Here’s a name you don’t often read in Appalachian history books: Bill Worthington.
Bill was a Black coal miner from Harlan County, Kentucky, and a member of the United Mine Workers of America. Bill played a pivotal role in historic labor disputes in Harlan County in the 1970s and helped organize the National Black Lung Association. In the 1960s and 1970s, the Black Lung Association fought for the recognition of black lung as a workplace disease and for state and federal policies related to black lung, and continues to this day to advocate for medical assistance and other policies to support miners with the disease.
Though many Americans don’t know it, Black Appalachians were critical to the booming of the coal and steel industries and their historic contribution to the national economy. Black workers made up a significant share of the workforce in the steel mills of the region. In Western Pennsylvania, Black workers made up 13% of the region’s steelworkers in 1918. Similarly, 1 in 11 coal miners in Ohio, Pennsylvania, Kentucky, and West Virginia in 1930 were Black. Nearly a quarter of West Virginia coal miners were Black. Black employment in the coal sector has declined steadily since the 1930s, but Black workers remain important members of the coal mining workforce: Some are among the white, Black, and brown union miners currently on strike at the Warrior Met Coal mine in Alabama, the longest ongoing strike in the nation.
This month ORVI kicks off a virtual listening session with the Black Appalachian Coalition about the petrochemical industry’s impact on Black communities in the region, so we’re highlighting research from a joint report we released with the Black Appalachian Coalition this time last year. (You can learn more about the session below or register here).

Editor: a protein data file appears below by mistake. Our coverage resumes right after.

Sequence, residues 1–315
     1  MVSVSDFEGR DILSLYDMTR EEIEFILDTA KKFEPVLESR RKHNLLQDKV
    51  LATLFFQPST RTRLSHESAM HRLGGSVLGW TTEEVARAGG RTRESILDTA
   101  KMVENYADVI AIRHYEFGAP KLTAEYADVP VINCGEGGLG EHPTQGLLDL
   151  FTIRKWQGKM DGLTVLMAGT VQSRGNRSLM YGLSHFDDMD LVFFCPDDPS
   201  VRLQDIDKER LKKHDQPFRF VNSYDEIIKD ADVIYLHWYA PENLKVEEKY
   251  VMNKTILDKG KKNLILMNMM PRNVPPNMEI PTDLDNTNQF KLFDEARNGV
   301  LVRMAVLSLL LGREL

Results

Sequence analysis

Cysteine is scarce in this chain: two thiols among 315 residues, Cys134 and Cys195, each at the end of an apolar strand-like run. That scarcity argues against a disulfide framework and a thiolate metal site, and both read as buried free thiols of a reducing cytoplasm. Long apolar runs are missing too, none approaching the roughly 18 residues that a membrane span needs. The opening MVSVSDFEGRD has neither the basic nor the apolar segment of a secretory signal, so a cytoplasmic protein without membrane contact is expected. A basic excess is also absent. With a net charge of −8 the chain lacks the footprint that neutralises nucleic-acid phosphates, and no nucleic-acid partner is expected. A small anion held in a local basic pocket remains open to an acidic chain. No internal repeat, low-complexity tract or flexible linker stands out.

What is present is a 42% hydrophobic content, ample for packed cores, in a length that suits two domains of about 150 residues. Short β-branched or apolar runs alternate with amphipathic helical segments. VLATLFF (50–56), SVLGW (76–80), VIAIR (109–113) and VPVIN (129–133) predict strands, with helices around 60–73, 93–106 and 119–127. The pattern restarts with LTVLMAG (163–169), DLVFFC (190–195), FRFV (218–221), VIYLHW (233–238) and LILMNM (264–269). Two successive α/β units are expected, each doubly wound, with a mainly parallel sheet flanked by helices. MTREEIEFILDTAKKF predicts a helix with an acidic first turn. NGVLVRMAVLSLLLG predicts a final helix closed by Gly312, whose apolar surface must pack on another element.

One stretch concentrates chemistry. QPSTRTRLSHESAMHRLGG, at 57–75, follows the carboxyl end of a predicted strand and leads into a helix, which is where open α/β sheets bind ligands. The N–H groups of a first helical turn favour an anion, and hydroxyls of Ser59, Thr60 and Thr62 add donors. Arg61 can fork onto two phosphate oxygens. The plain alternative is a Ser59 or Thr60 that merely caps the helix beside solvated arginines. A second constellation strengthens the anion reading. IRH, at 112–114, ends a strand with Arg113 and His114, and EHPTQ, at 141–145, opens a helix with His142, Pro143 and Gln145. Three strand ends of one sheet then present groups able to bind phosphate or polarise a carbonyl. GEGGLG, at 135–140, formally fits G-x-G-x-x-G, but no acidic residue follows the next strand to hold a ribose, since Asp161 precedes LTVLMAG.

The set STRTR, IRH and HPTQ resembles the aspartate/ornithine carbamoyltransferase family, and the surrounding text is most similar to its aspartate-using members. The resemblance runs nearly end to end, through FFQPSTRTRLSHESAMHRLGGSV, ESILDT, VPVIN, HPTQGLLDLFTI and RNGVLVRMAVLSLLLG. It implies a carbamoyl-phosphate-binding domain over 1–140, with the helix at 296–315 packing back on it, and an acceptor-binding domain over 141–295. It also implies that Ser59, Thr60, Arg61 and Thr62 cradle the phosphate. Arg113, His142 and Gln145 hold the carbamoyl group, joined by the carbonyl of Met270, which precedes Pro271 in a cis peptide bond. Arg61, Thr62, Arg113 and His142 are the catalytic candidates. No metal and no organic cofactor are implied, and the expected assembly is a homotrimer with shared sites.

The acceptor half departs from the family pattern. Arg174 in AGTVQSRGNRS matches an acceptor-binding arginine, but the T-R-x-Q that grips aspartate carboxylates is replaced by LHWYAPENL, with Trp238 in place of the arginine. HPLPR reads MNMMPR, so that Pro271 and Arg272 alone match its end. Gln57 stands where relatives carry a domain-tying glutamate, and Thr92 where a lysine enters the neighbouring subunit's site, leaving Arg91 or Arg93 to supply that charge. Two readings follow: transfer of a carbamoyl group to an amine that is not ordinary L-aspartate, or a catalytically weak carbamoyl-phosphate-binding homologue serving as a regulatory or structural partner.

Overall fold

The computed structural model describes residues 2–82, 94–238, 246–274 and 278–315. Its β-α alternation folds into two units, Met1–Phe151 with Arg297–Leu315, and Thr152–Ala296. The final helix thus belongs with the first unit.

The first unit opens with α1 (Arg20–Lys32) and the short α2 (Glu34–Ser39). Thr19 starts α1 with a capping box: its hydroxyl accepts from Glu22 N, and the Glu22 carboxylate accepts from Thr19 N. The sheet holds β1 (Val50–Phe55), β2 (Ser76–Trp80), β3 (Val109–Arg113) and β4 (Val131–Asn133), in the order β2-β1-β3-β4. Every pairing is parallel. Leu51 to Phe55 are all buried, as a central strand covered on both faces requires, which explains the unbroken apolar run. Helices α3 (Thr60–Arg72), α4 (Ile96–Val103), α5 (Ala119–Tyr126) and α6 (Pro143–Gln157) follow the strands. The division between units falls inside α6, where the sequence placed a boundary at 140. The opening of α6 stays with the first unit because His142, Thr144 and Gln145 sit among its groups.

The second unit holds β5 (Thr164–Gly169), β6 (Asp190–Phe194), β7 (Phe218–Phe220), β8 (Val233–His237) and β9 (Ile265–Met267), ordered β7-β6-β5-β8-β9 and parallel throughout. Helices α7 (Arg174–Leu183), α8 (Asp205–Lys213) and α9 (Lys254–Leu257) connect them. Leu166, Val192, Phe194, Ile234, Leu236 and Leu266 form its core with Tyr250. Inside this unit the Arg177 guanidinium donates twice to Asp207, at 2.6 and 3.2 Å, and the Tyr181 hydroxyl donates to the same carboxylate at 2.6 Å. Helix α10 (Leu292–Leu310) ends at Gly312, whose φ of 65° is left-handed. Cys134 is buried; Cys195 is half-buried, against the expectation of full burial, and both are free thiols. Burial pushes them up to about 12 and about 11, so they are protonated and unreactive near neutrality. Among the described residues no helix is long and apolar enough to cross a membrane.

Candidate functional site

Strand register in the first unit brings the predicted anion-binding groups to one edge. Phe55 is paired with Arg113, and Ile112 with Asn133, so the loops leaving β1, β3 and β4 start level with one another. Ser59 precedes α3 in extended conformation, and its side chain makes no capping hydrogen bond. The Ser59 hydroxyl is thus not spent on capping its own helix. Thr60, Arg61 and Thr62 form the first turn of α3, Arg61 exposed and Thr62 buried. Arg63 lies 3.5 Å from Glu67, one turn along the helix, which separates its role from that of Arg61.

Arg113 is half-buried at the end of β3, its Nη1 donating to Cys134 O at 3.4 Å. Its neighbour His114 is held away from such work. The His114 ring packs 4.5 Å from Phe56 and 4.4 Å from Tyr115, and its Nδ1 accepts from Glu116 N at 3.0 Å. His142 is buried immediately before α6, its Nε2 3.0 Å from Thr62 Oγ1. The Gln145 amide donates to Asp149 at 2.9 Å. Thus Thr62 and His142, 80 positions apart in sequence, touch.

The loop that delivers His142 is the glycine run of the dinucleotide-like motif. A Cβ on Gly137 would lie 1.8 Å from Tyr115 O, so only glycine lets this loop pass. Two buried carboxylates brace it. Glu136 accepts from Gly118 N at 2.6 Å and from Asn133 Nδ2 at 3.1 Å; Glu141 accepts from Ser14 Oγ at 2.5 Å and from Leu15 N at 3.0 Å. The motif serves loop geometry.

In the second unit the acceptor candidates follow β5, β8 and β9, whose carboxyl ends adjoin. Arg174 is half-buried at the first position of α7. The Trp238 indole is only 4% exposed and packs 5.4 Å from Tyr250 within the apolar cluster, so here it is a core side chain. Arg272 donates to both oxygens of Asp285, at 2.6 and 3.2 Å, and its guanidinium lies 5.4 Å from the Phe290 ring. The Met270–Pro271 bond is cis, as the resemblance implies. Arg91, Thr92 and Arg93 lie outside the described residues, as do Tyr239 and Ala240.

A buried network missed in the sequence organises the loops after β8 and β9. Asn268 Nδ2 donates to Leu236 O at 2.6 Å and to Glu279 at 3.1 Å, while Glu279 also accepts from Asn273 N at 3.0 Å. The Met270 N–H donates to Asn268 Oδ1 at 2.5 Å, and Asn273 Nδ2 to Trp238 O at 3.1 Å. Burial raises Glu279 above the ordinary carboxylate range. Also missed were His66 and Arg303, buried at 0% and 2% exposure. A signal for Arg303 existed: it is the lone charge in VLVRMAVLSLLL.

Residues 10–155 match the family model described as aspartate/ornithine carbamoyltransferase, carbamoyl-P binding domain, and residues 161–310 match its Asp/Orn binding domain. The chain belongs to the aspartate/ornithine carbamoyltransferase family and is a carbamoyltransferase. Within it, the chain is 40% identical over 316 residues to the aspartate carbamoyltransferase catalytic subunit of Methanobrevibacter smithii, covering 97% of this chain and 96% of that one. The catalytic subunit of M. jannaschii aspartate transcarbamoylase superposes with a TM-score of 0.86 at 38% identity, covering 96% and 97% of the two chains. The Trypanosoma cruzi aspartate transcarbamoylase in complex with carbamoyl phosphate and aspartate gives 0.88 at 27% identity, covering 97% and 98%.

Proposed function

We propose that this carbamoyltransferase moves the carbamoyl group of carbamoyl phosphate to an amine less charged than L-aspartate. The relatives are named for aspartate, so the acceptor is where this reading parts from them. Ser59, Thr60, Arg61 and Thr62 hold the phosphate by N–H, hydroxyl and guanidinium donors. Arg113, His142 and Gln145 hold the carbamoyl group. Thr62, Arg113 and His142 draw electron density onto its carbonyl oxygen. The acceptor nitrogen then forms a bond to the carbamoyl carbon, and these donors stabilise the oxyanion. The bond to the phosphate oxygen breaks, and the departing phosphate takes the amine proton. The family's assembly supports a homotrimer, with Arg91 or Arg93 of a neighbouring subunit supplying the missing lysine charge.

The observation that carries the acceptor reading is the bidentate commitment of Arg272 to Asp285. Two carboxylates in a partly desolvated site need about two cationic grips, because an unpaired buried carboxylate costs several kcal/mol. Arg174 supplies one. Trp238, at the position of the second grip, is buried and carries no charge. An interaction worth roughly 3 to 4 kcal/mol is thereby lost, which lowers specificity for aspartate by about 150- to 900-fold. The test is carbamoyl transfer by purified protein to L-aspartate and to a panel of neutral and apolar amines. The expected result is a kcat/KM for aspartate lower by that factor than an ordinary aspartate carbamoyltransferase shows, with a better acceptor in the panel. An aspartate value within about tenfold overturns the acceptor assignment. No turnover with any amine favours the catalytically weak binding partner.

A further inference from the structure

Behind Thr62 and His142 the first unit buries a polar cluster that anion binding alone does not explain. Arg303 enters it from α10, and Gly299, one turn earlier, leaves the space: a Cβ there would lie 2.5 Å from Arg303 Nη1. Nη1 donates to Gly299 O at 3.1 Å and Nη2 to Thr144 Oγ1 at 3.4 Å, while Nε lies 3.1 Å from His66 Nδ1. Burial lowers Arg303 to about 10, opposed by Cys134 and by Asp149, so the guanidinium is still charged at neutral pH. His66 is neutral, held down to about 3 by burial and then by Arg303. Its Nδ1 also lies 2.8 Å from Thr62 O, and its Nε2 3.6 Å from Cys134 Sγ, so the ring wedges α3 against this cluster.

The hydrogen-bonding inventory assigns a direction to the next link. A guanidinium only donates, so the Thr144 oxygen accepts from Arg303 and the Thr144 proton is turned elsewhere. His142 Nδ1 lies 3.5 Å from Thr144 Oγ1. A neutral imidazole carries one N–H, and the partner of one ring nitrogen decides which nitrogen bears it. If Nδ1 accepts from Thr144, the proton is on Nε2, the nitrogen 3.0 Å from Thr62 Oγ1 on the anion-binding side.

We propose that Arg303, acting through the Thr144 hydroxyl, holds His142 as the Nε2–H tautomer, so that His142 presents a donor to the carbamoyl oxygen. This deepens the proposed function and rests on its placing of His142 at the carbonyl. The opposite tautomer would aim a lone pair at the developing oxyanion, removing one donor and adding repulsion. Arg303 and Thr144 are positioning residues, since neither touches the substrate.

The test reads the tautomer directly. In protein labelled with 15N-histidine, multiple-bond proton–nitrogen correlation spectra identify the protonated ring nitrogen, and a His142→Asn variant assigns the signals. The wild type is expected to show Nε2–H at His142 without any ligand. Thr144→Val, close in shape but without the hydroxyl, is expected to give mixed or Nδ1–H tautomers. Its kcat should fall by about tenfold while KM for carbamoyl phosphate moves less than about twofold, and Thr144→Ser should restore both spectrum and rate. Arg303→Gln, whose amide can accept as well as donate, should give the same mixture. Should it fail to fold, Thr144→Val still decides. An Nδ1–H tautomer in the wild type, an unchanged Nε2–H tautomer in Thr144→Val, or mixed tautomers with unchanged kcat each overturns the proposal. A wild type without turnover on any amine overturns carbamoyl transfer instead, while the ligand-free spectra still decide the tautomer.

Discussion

Even the areas of Appalachia with the smallest Black populations today were shaped by centuries of Black contributions. In the Central Appalachian counties of Kentucky, Tennessee, Virginia, and West Virginia—the predominantly rural subregion of Appalachia often considered to have little or no racial diversity—nearly one in six people were Black in 1820. For context, that is a higher percentage than the current national Black population. The relative share of Black Appalachians has since steadily and significantly decreased, shown in the figure below based on census data. Today tens of thousands of Black people still call Appalachia home, including in its many rural counties.
Economic security is hard to come by in Appalachia, and that’s doubly so for Black households. The share of Appalachians who cannot afford basic necessities is much higher than the share of Americans overall. In 2019, the Appalachian regions of Kentucky, Ohio, Pennsylvania, and West Virginia had a combined rate of 15.5% of people whose incomes fell below the federal poverty line. That number almost doubles for African Americans: 30.5% of Black Appalachians had incomes below the federal poverty line. That’s approximately 130,577 Black people that had incomes below the poverty line. The racial gaps were the largest in Pennsylvania and Ohio: the Black poverty rate was about 19 percentage points higher than the white poverty rate.
Related research on the unemployment rate by the Council for Economic and Policy Research shows that the national unemployment rate for Black workers has been about twice as high as the white unemployment rate for 60 years.
One policy that could help is a subsidized employment program. Here’s how it works: the government provides subsidies to businesses to cover some or all of the wage costs of hiring new workers. The program could target job creation in areas with persistent distress, such as much of Appalachia. The policy “would improve employment prospects for everyone living in such communities, but it would disproportionately benefit Black people because Black communities tend to have high rates of joblessness,” write Algernon Austin and Annabel Utz at the Center for Economic and Policy Research.